Michael Lemonick is as good as it gets in science journalism. He is a graceful, witty writer, who excels at telling stories that reveal science’s human dimension. He is also a meticulous reporter, who actually cares about these things called “facts.” We graduated from the same journalism school in 1983, and Mike became the go-to science writer at TIME when it was a media colossus. He reported on everything from dark matter and exoplanets to AIDS and global warming, and he wrote more than 50 cover stories. Now the opinion editor at Scientific American (for which he has also written lots of articles), Mike has authored seven books, most on astronomy and cosmology. His latest, The Perpetual Now: A Story of Amnesia, Memory, and Love, explores inner space, taking readers on an intellectually and emotionally gripping deep-dive into the mysteries of memory. It’s one of the best books on the brain I’ve read. Mike, who is speaking at Stevens Institute of Technology March 1 (in an event free and open to the public), answers a few questions related to his book. –John Horgan

Horgan: How did you come to write The Perpetual Now?

Lemonick: One day in, I think, 2012, a woman named Aline Johnson approached me on the street in Princeton, NJ, where I live. I recognized her immediately because we’d played in the middle school orchestra together--also in Princeton--back in the 1960’s. She evidently knew what I do for a living, because she asked me whether I’d heard what had happened to her older sister, Lonni Sue, a few years earlier. It turned out that Lonni Sue had contracted viral encephalitis, an infection of the brain, and that it had left her with both retrograde and anterograde amnesia--the inability to remember much of her past, coupled with an inability to create new memories to carry into the future. Aline wanted me to write about it.

Initially, I wasn’t convinced. Even as she was talking, the case reminded me of H.M., a man who developed these same symptoms in 1953, when his hippocampus was surgically removed to try and cure his intractable epilepsy. It was that event--and the realization that the hippocampus was intimately involved in memory formation--that launched the modern neuroscientific study of memory. But I’d read about H.M. in freshman Psych, in 1971, and I figured there wasn’t much new to say.

I agreed to meet with Aline and learn more, though, mostly out of politeness--and I learned that I was quite wrong. Unlike H.M., who worked an assembly line winding copper wire in electric motors, Lonni Sue Johnson was extraordinarily accomplished in several fields. She was a successful commercial artist; a talented musician; a private pilot; and a small businesswoman who ran not only her own art business but also an organic dairy farm. As Aline explained to me, all of these areas of expertise and experience gave neuroscientists a much richer variety of things to test, and that two teams were now working with her to do so.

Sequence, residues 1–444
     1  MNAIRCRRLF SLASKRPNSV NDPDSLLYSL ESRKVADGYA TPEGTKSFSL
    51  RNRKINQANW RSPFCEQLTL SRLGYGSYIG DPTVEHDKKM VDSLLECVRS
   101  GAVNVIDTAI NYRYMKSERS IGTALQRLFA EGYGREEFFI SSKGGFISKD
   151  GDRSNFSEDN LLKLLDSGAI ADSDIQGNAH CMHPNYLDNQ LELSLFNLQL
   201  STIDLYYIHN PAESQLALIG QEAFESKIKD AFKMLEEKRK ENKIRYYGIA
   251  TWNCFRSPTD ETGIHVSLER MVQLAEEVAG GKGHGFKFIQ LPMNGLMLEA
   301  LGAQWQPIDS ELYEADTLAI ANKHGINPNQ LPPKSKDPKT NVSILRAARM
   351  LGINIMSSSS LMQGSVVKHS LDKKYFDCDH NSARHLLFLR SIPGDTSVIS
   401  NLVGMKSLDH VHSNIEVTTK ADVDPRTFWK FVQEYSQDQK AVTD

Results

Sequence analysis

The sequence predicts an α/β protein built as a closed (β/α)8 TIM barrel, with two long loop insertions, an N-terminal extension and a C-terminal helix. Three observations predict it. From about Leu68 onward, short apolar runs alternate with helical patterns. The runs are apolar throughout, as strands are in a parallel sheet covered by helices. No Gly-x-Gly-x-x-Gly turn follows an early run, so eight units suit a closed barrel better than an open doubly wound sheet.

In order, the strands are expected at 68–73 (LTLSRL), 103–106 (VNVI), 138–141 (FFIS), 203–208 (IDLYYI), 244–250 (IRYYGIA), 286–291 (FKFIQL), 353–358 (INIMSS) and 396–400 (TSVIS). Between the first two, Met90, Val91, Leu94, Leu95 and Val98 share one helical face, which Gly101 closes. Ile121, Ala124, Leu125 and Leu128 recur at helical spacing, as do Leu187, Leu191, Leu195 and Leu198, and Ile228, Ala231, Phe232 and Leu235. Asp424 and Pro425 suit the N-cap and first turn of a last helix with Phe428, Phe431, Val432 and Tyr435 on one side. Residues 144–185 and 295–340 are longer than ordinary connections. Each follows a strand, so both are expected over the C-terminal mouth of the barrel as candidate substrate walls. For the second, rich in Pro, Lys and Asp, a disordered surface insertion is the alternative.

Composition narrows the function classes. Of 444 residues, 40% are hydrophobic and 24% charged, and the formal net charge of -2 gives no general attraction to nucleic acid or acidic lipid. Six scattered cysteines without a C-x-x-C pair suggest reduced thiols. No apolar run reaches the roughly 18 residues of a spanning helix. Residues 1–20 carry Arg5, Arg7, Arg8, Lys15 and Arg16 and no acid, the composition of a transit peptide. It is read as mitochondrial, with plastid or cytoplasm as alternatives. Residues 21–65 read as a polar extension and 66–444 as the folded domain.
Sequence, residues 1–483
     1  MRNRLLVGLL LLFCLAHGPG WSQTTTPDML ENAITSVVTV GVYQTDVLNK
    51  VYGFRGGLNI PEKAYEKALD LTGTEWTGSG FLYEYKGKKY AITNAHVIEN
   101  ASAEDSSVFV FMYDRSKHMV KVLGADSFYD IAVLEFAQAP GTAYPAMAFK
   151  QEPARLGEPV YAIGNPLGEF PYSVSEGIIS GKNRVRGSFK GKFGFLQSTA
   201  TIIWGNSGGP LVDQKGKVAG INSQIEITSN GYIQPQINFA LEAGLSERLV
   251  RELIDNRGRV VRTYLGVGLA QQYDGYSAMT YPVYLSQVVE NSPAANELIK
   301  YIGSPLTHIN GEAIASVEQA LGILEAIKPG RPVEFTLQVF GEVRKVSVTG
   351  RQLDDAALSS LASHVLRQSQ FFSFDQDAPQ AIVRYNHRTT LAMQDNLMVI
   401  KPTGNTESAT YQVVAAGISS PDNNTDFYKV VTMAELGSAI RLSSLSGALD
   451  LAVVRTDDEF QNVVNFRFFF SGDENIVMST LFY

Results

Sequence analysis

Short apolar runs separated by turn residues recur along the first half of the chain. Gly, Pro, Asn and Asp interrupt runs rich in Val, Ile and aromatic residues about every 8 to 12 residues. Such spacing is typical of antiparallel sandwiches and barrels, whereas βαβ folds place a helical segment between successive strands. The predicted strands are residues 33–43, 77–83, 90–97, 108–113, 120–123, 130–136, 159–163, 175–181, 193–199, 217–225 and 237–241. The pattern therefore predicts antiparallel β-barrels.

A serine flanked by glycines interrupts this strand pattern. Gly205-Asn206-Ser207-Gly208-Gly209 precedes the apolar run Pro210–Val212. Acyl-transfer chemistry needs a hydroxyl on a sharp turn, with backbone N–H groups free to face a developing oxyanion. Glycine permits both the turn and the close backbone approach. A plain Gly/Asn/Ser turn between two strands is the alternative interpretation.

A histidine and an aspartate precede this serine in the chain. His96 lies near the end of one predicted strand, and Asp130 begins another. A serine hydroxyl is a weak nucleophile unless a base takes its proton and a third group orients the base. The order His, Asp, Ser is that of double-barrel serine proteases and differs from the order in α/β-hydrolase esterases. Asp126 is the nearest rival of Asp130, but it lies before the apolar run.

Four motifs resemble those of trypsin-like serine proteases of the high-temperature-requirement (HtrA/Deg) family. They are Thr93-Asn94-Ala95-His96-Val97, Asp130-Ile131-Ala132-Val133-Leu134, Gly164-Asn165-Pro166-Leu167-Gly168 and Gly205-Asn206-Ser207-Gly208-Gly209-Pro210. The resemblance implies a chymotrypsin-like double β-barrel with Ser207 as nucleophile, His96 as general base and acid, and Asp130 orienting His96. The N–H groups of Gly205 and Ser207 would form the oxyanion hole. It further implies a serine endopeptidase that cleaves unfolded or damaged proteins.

That, coupled with the fact that the basic story of memory that H.M.’s case told has turned out to be too simple, as ongoing animal and human studies have shown. So the studies of Lonni Sue were likely to break new ground. I was hooked.

Horgan: Has Lonni Sue, the subject of your book, read it? Can she read it?

Lemonick: She hasn’t, and she can’t. She can read the words (she can also still read music), but reading an entire book, or even a feature article in a magazine, requires that you hold onto a lot of prior information as you go. By the time she got to page ten, she’d already have lost the train of the story. She did read a New Yorker article about her, which came out in 2014, but she couldn’t really follow it. Afterward, she said:  “It’s very beautifully written. Just a lovely realm of vocabulary.”

Horgan: You seem quite fond of Lonni Sue and other subjects in Perpetual Now. Does affection or its opposite ever complicate your work as a journalist?

Lemonick: Good question. I didn’t know any of them beforehand, so the fondness emerged during the reporting. My primary goal in telling the story was to act as the reader’s representative, introducing them to Lonni Sue and herself, and to the family, and to her friends, as honestly as I could. If they’d inspired dislike instead of fondness, I would have conveyed that.

In general, though, I’m predisposed to want to like the people I write about, and that could certainly color my coverage. Recently, Luke Dittrich, the grandson of the man who unexpectedly robbed “H.M.” of his memory via psychosurgery in 1953 (thus launching the modern scientific study of memory), published “Patient H.M.” about what his grandfather did and how H.M.’s life unfolded after that. One of the most inflammatory claims in the book was that Suzanne Corkin, the MIT scientist who studied H.M. for nearly 50 years, destroyed all of her notes before her death a couple of years ago. This is something Corkin told Dittrich. I get the sense that he was predisposed to be suspicious of the scientists he talked to, and so was ready to accept that she’d actually taken this step, which is of course completely scientifically unethical.

But a large number of neuroscientists weighed in and said they didn’t believe it for a second, and that she was just messing with him.  Having interviewed Corkin myself, I wouldn’t be a bit surprised. She was a bit cranky with me (quite possibly because she was suffering from the cancer that would soon end her life), and I can easily imagine her telling a reporter something nonsensical just to see if he would bite.